“Man, they just some bitch niggas in there,” hissed one of the kids, who gave his name only as Mike.

Chris didn’t carry a gun, A.J. said, but he wouldn’t back down from a fight. “They probably saw the size of his fists and knew they was about to get they ass whupped. They had to shoot,” A.J. said with a bitter laugh.

Chris was an uncomplicated kid — he just liked basketball. His family moved out of T.B. Watkins the day after he died.

Mike explained that it was common for boys Jawanza’s age to have guns. “I know cats smaller than that who got guns. Everybody got guns. They just bitch niggas, snitchin’ on each other.”

Brown’s detective work into his son’s case uncovered something crucial for the defense: an alleged confession.

Brown got it from 15-year-old Rolf Pierre, who claimed that while he was in the McCune Residential Center, a juvenile detention facility in Independence, he befriended Jaronn.

When he took the stand, Rolf had a mushroom cloud of dark hair. He wore glasses and a tan shirt. He said that in science class at McCune, he heard Jaronn say he had “iced” some people on 12th and Woodland.

Rolf claimed that Jaronn also wrote down the details of the shootings “to make himself seem big, or something.”

Rolf said that, in the cafeteria at McCune, Jaronn slipped him a confession scribbled on toilet paper. “First I shot Chris IN his chest twice then I shot him in his kneck because he was falling back,” the note reads, in part. “Then I shot him in his head twice. So when he fell I shot him two more times in his back. So I looked at Antonio and he start reaching for something so I shot him in his stomach first, then his head. I think the second shot hit him in his head. So he fell and I took of running then something told me to go back so I ran back up there and Antonio was still moving so I shot him three more times … 1luv2you Keep yo head up. North Side Up!”

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Rolf said he slipped the note into the pocket of his civilian clothes when he went home on a weekend pass and gave it to Jawanza’s dad. “I didn’t want to see someone innocent go down for something someone else did. It wouldn’t sit well with me,” Rolf said.

Prosecutor Moore asked Rolf why he didn’t go to the cops and instead gave the note to Brown.

“I knew he was the person to give it to,” Rolf said. “His son was involved in this, so if anyone should get it, it should be him.”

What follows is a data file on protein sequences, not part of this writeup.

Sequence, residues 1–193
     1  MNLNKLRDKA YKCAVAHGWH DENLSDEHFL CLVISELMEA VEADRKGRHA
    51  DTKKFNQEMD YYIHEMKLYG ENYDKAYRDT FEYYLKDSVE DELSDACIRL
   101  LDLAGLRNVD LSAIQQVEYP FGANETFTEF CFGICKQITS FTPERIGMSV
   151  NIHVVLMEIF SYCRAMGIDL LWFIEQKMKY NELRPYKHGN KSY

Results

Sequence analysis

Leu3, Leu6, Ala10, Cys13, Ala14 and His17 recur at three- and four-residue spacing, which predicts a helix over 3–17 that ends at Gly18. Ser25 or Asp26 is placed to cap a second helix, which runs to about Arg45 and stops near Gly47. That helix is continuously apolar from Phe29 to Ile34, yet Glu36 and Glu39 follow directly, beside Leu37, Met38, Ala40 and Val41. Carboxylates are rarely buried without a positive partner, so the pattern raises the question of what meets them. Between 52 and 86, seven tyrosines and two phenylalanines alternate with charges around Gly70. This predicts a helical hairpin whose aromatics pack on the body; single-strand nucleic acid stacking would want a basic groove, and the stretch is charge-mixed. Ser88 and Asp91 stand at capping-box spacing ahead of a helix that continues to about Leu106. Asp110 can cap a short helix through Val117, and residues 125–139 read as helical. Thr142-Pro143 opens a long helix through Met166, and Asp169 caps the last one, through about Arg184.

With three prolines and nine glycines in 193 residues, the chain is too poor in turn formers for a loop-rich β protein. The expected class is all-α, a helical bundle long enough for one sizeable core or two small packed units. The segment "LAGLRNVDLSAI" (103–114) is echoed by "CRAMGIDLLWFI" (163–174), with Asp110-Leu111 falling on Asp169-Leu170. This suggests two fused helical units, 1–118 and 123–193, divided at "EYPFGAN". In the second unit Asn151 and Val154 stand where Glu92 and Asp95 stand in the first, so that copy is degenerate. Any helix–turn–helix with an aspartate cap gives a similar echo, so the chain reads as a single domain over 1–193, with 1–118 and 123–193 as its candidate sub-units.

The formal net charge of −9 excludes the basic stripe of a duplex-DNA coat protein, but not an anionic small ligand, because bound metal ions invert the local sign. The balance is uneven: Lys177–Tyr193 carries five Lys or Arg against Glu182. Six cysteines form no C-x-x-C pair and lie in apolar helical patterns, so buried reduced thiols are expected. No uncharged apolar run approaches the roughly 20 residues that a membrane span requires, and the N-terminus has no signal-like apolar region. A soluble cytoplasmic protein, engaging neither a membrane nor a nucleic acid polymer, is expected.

Just to be sure, Rolf swiped some of Jaronn’s homework from his desk back at McCune. “We had a couple classes together. It was on his desk, and I took it. I figured y’all need to verify that that’s his handwriting.”

“Are you gonna be a detective when you grow up?” Moore asked.

“Naw,” Rolf said. “I want to play basketball.”

Jaronn was one of three witnesses who claimed to have seen Jawanza shoot Chris and Antonio. For her testimony, Cierra Jordan spoke convincingly of having watched as Jawanza pulled the trigger. She wore a hot-pink headband in her shiny, dark hair. Prosecutors applauded the fact that she ignored the stigma of being a snitch and stuck around to talk to police, even though she gave them a fake name.

The defense had its own witnesses. They had been discovered by Brown. Brown talked to neighborhood kids to find out what really happened that night.

One of the witnesses Brown dug up was Ashley Mims. She testified at the trial that she saw Jaronn running from the crime scene. She said she heard her aunt yell at him, “Boy, get that gun out of the gutter.”

Brown discovered that Jawanza’s girlfriend at the time of the shootings also knew something. When petite, 16-year-old Jasmine Graves took the stand, she giggled. Real court didn’t look the way it does on TV, she realized as she sat there, with all those people looking at her and some lady typing everything she said. She wore a yellow shirt and a matching belt.

Shortly after the killings, Jasmine claimed that she was at a friend’s house when she overheard Cierra talking on the phone with a friend. “I heard her say that Jaronn Harris was the one who did it, and they were going around telling people that Jawanza did it,” Jasmine said. “I was shocked. I left the room and called Mr. Brown.”

Moore wanted to know why her first call would be to Jawanza’s father. “When you heard what Cierra said, you didn’t call 911?”

Jasmine looked at the prosecutor as though she were crazy.

“You didn’t go to the police station?”

Resentment colored Jasmine’s voice. “I didn’t see the shooting, so there was no point.”

During her testimony, nobody asked Jasmine why she thought Cierra was lying. But she had a theory. “It might have been because of me,” she said softly, after her testimony. “Me and her got in a fight once, awhile back, and Jawanza said something to her about it afterwards. She holds grudges for a long time.”

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Eighteen-year-old Ameria Blair took the stand and answered questions without any reluctance. Her eyes were bright, and she looked stylish in a black jacket with a furry collar and “So Precious” in cursive letters printed on the back. She said she was there “to just keep it real.”